How to Create Value from a Sustainability Initiative: An exploratory case study of UN Global Compact in the Ulstein Group
From a management perspective, sustainable development concerns how to create social and environmental value in a way that also benefits economic value creation. Furthermore, managers need answers on such ?how?-questions following a prescriptive approach. In this context, further studies are needed because the empirical literature gives an unclear picture when it comes to cause-and-effect relations and managerial recommendations in general.
This thesis utilizes findings from the Ulstein Group obtained during a period where the company has been evaluating membership in UN Global Compact (UN GC). UN GC is a sustainability initiative that comprises ten principles within areas of human rights, labor, the environment and anti-corruption, to which companies commit. A company that becomes a member is obligated to communicate their progress on these issues annually. The main purpose of this study was to investigate how a company can implement the UN GC principles in order to achieve long-term benefits.
Using the Ulstein Group and UN GC as units of analysis, a qualitative and exploratory investigation was conducted. Seventeen semi-structured interviews were used as main source of empirical data. The study was scoped in a way that emphasized the environmental principles of UN GC along with the obligation of transparent communication. Furthermore, the implementation process was analyzed by applying a theoretical framework that emphasizes organization acceptance as a separate implementation goal.
Regarding implementation of the environmental principles of UN GC, the strategies of pollution prevention and product stewardship reflect conceptual relations to increased economic value creation. The former has gained most empirical support, mainly caused by its linkages to continuous improvement and resource efficiency. The latter is product oriented and based on stakeholder integration. The findings suggest that product stewardship is successful only if the willingness to pay among customers is in place, and in the maritime industry, this seems to be missing to some extent at present.
Transparent and honest communication can facilitate corporate reputation because it signals quality. However, when relieving information about failures and delays, a company must ensure that an action plan is in place and that resources are allocated in order to address the challenges. From a strategic point of view, the goal would be to convince stakeholders that the company is a proactive industry actor that learn from its mistakes.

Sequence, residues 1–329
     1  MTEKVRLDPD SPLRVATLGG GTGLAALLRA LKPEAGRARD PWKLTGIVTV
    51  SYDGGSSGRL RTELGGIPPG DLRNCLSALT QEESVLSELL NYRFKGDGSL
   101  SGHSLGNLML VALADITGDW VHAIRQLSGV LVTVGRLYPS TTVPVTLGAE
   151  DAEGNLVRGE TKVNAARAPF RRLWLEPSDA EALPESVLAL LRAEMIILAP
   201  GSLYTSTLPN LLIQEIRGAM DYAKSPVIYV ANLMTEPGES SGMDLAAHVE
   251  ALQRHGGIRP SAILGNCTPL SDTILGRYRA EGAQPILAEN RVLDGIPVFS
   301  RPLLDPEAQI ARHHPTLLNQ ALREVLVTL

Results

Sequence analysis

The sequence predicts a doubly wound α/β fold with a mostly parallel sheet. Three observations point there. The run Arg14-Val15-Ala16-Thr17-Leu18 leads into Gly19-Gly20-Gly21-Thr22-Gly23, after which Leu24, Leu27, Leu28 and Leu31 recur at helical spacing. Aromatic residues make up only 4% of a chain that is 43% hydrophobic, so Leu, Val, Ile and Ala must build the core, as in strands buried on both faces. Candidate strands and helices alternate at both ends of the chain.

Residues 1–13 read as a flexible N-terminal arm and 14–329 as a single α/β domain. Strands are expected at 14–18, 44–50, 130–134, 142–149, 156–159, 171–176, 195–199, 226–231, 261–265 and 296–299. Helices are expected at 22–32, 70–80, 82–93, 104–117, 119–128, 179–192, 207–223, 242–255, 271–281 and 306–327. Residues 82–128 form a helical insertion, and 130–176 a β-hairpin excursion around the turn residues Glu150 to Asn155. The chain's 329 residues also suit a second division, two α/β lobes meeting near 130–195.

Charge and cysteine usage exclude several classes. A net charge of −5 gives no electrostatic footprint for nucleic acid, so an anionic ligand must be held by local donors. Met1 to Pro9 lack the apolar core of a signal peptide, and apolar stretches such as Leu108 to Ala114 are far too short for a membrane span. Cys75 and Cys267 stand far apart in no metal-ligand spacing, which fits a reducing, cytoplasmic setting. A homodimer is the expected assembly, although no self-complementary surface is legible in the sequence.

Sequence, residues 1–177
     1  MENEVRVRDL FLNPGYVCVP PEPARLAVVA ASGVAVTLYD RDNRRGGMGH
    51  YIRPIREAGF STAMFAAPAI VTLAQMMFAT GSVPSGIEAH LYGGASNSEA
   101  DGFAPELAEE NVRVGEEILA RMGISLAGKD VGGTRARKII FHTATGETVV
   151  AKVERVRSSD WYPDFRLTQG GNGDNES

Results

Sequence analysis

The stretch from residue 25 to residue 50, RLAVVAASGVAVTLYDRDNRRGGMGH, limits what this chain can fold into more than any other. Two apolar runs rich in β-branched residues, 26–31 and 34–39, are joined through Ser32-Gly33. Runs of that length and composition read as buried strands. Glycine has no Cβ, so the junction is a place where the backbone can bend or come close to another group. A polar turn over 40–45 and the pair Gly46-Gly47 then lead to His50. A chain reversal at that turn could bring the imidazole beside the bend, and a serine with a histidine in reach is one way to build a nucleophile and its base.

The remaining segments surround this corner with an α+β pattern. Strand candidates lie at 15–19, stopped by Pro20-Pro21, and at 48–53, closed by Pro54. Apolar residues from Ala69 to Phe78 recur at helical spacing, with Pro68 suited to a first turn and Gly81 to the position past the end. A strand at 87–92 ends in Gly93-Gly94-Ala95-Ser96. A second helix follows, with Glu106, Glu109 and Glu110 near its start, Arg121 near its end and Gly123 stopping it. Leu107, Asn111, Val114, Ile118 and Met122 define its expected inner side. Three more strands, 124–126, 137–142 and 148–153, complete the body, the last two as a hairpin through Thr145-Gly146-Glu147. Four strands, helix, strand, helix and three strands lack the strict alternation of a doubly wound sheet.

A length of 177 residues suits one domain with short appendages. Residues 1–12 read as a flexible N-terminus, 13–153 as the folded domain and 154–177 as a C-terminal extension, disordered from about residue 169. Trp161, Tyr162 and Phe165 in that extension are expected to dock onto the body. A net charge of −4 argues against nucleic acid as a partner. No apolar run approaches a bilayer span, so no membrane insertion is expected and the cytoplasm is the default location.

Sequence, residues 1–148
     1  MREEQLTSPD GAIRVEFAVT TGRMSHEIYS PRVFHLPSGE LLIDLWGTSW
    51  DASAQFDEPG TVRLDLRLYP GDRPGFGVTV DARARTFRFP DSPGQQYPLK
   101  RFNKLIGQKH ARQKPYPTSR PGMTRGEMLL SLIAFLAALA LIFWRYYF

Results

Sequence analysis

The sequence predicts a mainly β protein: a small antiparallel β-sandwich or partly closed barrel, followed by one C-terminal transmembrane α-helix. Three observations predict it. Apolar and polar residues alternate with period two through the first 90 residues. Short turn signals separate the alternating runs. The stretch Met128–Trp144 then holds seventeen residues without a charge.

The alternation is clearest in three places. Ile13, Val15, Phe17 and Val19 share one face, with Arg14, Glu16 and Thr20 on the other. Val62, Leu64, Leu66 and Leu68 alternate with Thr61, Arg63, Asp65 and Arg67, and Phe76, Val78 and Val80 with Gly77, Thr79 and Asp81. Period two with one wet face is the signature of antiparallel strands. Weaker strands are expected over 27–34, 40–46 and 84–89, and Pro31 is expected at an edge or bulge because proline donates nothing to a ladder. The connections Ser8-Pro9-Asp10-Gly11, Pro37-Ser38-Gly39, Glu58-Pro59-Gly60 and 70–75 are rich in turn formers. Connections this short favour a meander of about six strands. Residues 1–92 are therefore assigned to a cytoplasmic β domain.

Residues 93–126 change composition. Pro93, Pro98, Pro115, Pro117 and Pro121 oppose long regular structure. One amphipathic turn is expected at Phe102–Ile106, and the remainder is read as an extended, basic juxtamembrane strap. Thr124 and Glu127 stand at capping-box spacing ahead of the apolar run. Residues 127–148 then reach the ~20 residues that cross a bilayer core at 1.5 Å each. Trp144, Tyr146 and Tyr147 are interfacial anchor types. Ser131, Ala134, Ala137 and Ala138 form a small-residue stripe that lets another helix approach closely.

The study pinpoints that organizational acceptance is especially important when it comes to sustainability initiatives because employees will most likely have difficulties seeing business relevance and relations to their daily tasks. Therefore, it seems crucial that management first relate the new activities to existing policies within business ethics and for instance health, safety and environment in order to pinpoint relevance. Second, it is likely to achieve acceptance if employees are involved throughout the implementation process. Objectives and concrete measures should be developed using interdisciplinary groups and employees on different organizational levels. Furthermore, the findings indicate that people working towards customers or suppliers would see possible benefits more easily than those who are working closely with project deliveries and production tasks.
Regarding the strategy of pollution prevention, it seems clear that concrete performance indicators must be developed in order to get successful outcome. This would also show business relevance more clearly, and hence be advantageous when aiming for acceptance among employees that work with production or other tasks linked to daily operations. However, the main point is not such indicators in themselves, but how they are introduced to the organization. Ownership is needed which again would facilitate motivation and engagement among employees. The key point is to give new activities attention and follow them up at different levels within the organization, so that value creation in practice can take place.
Place, publisher, year, edition, pages
Institutt for industriell økonomi og teknologiledelse , 2013. , 114 p.
IdentifiersURN: urn:nbn:no:ntnu:diva-24879Local ID: ntnudaim:9604OAI: oai:DiVA.org:ntnu-24879DiVA: diva2:723991
Fet, Annik Magerholm, ProfessorMoen, Professor Oystein